Sometimes it is good to jump in the car and just hit the road to discover more about the place you live. In the Triangle, you don’t have to go far to learn new things about the history of sports in the area. Between Durham, Raleigh, Chapel Hill and all the other towns off I-40 and 85, you are bound to discover a Tobacco Road story that reinforces the special heritage of this place.
Our first stop is Durham. With a population of more than 265,000, popular sports here include basketball and track and field.
THE STANDARD BEARERS
During the 1940s and ’50s, Durham, like other southern towns, was under Jim Crow laws and required segregation in public spaces. But unique to Durham was its local sports community. Led by principled coaches from Duke and North Carolina Central University (NCCU), these social activists defied the status quo of the day by providing spaces for integration, gender equality and engagement between races through sports.
Durham’s story of sports heritage is filled with individuals who have impacted the movement of social justice and race relations in America forward without much press or fanfare. The personal and professional relationship that developed between the Duke and NCCU track coaches at the time is just one example of the unique engagement that existed in Durham. Duke Hall of Fame coach Al Buehler, who was white, and NCCU Hall of Fame coach Leroy T. Walker, an African American, looked beyond racial barriers and showed by example that competition and friendship are color blind.
In the 1930s, John B. McClendon, also known as Coach Mac, was a young African-American man with an impres- sive, if unheralded, basketball pedigree. He was a student of the sport’s founder, James Naismith, and was mentored by the father of basketball coaches, Forrest “Phog” Allen, at the University of Kansas. Coach Mac came to Durham in 1937 at the age of 22.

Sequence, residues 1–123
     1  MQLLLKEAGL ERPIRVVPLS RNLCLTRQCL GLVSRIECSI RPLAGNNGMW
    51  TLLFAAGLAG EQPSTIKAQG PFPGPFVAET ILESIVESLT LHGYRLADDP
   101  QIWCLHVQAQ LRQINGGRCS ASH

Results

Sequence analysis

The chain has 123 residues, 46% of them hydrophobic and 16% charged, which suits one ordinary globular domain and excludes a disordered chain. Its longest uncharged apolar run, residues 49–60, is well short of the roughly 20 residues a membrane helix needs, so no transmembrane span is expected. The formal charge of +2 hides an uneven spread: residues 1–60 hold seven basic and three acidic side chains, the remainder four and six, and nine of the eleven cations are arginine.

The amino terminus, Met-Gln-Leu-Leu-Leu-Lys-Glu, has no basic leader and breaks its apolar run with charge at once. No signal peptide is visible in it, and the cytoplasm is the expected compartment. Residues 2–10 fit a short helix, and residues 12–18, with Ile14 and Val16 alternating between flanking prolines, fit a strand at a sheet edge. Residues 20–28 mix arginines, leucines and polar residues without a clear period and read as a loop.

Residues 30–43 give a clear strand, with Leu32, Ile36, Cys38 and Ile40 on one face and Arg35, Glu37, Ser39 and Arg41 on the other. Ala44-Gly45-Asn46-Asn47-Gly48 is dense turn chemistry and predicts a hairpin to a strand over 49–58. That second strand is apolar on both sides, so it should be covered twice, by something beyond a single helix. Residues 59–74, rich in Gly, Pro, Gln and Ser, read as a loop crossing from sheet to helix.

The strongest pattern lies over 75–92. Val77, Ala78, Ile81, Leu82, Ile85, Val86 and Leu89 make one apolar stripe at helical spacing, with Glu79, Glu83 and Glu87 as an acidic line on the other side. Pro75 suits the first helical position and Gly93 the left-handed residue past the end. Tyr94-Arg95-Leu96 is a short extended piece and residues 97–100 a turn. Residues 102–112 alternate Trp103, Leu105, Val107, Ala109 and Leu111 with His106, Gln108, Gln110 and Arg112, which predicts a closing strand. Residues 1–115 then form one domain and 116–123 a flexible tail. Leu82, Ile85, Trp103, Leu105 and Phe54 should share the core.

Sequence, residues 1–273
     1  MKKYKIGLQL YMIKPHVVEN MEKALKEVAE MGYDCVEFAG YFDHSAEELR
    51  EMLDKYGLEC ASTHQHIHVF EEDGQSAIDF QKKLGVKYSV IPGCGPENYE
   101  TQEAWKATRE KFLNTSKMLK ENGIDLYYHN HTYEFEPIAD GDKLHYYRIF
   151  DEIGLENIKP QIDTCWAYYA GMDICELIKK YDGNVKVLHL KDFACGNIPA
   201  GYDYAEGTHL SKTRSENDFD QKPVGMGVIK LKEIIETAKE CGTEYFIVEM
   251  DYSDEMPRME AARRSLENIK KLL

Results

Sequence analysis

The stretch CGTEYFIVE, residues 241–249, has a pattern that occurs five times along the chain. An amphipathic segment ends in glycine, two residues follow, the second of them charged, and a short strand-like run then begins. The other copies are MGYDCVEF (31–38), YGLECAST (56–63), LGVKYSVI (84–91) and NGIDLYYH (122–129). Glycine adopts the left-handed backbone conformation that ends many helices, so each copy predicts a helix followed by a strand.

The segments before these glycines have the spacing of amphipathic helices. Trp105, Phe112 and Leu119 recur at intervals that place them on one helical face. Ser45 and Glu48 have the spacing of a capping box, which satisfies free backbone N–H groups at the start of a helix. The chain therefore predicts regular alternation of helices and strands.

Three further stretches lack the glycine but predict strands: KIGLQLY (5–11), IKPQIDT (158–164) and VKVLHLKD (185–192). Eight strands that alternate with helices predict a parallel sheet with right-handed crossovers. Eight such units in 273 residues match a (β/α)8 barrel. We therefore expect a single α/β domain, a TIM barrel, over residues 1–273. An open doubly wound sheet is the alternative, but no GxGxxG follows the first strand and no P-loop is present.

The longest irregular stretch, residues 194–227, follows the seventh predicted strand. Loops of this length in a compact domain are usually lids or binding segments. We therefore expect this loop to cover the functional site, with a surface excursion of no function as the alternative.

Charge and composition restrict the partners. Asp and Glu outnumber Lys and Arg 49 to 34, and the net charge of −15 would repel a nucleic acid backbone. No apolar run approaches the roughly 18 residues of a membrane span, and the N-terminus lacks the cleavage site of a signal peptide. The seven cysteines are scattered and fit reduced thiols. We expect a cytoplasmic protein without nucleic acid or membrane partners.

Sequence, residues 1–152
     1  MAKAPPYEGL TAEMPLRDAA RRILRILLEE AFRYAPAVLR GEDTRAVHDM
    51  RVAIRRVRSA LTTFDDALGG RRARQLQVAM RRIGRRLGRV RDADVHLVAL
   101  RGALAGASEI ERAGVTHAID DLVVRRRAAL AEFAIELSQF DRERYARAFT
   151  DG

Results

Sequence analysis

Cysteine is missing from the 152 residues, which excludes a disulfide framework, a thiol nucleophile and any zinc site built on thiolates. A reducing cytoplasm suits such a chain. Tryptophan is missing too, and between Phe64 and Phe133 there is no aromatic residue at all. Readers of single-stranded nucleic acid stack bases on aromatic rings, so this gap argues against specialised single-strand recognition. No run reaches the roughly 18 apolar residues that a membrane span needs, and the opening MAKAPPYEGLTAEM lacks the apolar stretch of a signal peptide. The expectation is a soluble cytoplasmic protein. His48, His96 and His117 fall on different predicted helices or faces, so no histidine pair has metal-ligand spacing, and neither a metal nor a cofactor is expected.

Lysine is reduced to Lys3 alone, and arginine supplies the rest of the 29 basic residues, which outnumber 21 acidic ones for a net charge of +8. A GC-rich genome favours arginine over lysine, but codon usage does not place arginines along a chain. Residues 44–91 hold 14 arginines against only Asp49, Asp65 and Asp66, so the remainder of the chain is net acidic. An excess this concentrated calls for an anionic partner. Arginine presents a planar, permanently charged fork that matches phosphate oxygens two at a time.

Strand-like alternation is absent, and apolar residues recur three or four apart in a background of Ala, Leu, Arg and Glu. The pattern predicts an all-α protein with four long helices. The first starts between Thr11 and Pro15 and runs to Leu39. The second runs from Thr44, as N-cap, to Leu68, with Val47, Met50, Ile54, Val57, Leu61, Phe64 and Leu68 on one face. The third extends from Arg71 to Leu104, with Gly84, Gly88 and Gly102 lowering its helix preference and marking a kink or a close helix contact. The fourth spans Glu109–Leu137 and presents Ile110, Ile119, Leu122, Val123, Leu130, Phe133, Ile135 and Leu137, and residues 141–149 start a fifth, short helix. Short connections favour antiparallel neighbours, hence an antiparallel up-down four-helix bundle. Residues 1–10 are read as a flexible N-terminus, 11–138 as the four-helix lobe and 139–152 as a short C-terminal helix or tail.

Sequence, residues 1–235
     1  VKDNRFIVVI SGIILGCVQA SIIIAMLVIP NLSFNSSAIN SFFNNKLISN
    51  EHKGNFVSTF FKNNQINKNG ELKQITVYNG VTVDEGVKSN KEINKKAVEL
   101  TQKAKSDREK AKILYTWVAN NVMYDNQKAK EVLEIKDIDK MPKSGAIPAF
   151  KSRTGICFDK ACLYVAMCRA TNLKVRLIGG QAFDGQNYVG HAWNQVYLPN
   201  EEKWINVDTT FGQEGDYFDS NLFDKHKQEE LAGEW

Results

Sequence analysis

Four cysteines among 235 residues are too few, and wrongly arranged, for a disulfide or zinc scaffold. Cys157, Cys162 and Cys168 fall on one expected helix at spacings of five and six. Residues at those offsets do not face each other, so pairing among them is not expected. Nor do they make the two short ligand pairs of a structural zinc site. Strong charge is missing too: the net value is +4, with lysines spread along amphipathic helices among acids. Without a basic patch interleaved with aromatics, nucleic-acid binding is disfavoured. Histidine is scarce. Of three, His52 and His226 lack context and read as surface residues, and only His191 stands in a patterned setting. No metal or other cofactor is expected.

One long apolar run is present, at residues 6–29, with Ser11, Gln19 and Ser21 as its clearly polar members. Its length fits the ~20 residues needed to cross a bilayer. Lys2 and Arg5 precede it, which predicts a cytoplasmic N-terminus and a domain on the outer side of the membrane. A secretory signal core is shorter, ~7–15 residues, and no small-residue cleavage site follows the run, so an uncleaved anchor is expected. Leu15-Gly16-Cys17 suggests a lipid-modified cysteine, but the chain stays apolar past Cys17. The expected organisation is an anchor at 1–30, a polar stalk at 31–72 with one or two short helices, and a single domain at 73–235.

Coach Mac was hired by his former classmate as the basketball coach and physical education teacher for North Carolina College for Negroes, which now is NCCU. Coach Mac has been twice enshrined in the Naismith Memorial Basketball Hall of Fame and once in the National Collegiate Basketball Hall of Fame. He was the first African-American head coach in any professional sport.
“The Secret Game of 1944” took place 10 years before Brown v. Board of Education. It was an illegal basketball game played between the Duke Medical School team, made up of former college players, and the Eagles of NCCU.
Jackie Robinson had not yet broken the color barrier in Major League Baseball, but in Durham on a Sunday afternoon, while most of the residents were in segregated worship services, two local college basketball teams were playing the first integrated game in America. That helped establish Durham’s special place in sports history.